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KC it's the same. The IPC and IMC is just like UPC and UMC except the Uniform code has more requirements incertain area.

For example UMC requires pans under drip pans HVAC in attic installs where IMC does not. Just simple stuff

Our local cities I work in just switched from International to Uniform.

Alot of benifits in doing so especially with CEU's

OH I'm not a great speller
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Old 09-04-2009, 12:12 AM   #6
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Jerry please post chapter and section of the UMC or UPC and version so I may look up that unions are only allowed at gas meters.

Unions and coupling bends can be used any where except when enclosed in walls where access can not be made with out tearing out the wall
Unfortunately, I have been retired for a bit now and no longer have my code books, but when I did, that was the rule. I know that the codes are continually being updated and new codes have been adopted so I can't speak for those. If my information is outdated or incorrect, accept my sincere apologies. I don't visit this planet much anymore because everything is changing so rapidly!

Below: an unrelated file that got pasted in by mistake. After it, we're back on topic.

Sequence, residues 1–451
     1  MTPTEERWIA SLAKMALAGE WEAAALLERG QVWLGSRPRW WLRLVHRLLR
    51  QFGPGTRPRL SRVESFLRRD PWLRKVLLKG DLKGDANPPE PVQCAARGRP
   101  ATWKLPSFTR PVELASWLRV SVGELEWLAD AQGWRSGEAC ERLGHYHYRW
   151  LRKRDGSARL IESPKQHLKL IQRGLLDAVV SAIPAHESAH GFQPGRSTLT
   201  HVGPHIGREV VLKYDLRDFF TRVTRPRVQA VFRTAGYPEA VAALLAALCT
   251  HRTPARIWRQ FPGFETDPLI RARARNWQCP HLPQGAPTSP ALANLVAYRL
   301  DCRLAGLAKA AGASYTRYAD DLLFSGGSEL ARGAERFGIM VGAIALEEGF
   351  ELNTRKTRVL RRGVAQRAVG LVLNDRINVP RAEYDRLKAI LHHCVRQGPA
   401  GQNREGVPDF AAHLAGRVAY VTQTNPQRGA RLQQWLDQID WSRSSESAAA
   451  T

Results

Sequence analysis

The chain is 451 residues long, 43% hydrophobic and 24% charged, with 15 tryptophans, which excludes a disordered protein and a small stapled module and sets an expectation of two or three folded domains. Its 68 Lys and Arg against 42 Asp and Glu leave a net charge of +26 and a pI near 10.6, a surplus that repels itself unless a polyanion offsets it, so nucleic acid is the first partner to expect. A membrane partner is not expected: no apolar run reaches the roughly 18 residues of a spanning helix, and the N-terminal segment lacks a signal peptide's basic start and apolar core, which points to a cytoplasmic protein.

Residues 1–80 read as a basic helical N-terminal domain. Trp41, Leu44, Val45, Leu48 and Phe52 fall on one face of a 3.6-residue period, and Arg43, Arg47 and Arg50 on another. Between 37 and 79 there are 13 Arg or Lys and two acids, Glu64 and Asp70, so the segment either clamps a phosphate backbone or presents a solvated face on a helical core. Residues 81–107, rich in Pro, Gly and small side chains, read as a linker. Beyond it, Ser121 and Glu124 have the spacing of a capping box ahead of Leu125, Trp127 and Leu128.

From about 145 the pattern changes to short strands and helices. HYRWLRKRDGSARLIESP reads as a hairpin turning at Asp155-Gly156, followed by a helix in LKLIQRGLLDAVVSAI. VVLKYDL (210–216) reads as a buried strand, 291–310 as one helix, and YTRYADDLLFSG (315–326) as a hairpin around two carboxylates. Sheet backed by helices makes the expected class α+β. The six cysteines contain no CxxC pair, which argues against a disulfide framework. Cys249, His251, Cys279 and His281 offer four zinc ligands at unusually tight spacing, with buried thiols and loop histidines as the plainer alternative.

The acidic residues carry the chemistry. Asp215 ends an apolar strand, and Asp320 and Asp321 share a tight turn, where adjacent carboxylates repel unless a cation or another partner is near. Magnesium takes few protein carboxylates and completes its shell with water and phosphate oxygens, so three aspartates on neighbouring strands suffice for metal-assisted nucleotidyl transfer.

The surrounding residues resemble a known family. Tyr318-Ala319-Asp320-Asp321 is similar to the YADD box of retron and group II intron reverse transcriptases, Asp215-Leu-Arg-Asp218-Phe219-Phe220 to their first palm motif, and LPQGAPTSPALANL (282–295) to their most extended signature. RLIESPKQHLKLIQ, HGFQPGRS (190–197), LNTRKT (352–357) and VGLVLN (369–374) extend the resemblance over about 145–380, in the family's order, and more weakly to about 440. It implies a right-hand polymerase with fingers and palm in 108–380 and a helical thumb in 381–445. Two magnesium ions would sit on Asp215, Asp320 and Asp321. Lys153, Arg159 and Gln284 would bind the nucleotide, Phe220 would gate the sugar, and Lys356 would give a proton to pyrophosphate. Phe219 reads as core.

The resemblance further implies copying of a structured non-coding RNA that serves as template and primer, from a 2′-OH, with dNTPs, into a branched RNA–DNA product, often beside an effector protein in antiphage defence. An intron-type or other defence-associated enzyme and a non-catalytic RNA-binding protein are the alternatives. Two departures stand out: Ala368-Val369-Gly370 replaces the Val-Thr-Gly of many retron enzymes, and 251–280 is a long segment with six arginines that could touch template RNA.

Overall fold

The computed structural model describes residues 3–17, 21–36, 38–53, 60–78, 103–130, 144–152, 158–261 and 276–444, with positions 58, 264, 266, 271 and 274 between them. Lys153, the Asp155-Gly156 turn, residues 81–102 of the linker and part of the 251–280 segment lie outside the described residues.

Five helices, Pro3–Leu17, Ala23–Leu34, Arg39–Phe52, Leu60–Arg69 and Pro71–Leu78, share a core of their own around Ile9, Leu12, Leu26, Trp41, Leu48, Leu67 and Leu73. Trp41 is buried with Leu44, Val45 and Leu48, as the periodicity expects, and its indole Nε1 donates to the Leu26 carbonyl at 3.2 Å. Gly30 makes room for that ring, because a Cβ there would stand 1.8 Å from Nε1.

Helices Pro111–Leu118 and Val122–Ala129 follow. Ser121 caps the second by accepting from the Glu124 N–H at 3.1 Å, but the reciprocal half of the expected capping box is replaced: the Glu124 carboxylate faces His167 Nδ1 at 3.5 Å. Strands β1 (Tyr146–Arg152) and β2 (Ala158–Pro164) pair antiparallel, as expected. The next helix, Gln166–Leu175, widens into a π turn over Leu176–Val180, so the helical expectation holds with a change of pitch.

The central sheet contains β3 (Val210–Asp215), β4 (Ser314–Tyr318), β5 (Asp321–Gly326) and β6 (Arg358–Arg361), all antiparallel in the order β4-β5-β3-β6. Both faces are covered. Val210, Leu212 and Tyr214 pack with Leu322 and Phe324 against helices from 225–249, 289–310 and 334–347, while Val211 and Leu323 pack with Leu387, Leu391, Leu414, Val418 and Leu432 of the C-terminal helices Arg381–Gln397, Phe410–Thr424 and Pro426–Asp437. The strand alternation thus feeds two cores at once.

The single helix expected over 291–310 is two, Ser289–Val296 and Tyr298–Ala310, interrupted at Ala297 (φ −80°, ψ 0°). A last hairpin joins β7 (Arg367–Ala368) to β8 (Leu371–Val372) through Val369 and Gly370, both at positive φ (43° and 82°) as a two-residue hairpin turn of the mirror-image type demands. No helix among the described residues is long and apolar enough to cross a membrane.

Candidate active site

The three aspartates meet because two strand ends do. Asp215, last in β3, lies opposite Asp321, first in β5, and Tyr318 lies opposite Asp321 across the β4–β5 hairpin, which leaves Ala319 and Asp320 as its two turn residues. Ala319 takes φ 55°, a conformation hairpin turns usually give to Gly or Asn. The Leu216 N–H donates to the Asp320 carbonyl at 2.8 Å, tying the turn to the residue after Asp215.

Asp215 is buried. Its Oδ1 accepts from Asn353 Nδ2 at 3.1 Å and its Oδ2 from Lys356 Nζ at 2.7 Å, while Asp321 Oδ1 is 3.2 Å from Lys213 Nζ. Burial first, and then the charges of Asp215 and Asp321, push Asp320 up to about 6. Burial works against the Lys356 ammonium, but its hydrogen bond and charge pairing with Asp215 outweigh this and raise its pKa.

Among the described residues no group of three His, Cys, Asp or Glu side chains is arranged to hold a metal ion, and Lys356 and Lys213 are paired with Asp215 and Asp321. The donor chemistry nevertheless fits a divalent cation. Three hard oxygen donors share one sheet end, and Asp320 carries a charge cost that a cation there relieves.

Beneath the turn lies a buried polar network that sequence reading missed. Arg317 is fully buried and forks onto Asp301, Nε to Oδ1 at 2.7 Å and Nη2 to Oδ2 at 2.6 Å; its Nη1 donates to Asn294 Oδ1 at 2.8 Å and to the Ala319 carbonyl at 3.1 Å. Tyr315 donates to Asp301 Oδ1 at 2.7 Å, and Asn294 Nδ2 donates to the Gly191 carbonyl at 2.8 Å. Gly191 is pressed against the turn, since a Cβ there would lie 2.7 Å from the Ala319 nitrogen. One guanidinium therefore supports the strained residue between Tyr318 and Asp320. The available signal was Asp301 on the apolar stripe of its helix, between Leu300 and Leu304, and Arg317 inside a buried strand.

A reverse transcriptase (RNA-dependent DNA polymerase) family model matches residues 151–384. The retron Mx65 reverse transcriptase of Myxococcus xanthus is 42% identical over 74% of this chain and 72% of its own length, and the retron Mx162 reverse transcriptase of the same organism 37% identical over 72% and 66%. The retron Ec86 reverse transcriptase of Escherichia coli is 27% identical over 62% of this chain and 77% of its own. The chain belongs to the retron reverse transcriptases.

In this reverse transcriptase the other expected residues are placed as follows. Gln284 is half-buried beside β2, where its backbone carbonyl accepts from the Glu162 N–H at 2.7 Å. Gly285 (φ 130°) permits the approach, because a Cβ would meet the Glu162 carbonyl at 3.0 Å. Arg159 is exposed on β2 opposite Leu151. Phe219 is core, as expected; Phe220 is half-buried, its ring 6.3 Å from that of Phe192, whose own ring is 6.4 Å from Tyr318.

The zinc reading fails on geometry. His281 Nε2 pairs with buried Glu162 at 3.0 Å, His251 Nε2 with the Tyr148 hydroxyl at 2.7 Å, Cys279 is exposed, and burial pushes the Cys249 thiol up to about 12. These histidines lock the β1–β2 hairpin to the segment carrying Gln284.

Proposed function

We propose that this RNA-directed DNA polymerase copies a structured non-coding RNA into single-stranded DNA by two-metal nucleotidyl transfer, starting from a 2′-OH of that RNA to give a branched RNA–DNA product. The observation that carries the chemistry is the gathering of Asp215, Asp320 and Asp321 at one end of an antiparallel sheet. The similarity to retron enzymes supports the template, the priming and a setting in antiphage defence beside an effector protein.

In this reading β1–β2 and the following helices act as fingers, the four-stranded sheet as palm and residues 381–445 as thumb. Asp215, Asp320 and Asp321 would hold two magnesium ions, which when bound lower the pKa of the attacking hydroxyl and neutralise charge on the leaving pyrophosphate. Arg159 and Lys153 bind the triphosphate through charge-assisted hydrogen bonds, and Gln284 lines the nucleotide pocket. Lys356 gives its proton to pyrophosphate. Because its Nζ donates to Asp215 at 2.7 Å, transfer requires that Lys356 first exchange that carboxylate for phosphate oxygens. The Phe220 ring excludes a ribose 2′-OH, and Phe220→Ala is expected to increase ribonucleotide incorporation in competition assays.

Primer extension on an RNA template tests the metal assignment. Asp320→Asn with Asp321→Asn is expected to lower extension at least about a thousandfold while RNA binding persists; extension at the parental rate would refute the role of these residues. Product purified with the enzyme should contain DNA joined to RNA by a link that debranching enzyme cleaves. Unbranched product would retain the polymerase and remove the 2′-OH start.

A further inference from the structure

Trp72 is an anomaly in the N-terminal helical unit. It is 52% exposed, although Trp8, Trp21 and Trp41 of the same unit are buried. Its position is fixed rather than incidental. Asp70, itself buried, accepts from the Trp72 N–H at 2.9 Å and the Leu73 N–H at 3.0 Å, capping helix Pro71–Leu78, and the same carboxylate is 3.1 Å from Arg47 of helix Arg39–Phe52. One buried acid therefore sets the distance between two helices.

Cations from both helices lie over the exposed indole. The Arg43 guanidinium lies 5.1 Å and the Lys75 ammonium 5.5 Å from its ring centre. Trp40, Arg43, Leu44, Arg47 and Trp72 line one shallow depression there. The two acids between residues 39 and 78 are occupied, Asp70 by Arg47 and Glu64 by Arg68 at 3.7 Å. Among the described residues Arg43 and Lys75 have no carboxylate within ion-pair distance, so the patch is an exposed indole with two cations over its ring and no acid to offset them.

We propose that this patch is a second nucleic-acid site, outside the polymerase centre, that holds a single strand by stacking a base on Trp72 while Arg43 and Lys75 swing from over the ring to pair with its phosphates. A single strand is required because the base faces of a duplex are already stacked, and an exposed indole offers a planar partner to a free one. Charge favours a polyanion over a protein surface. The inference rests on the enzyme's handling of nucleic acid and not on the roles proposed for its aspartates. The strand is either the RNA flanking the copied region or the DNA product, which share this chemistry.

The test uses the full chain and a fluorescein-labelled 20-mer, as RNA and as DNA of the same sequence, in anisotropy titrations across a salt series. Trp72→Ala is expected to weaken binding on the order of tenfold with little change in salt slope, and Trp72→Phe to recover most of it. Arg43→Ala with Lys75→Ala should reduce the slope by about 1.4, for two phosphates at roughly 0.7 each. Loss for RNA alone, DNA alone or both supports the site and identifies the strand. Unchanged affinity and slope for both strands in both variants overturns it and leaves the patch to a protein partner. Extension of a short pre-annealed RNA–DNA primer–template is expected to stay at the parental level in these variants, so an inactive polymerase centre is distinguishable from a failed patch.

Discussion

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Old 09-04-2009, 12:21 AM   #7
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Unfortunately, I have been retired for a bit now and no longer have my code books, but when I did, that was the rule. I know that the codes are continually being updated and new codes have been adopted so I can't speak for those. If my information is outdated or incorrect, accept my sincere apologies. I don't visit this planet much anymore because everything is changing so rapidly!
No apologies needed. I was asking just incase I had missed something.

We're all in this together.....
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Old 09-04-2009, 08:57 AM   #8
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No apologies needed. I was asking just incase I had missed something.

We're all in this together.....
Yup!
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Old 09-04-2009, 10:40 AM   #9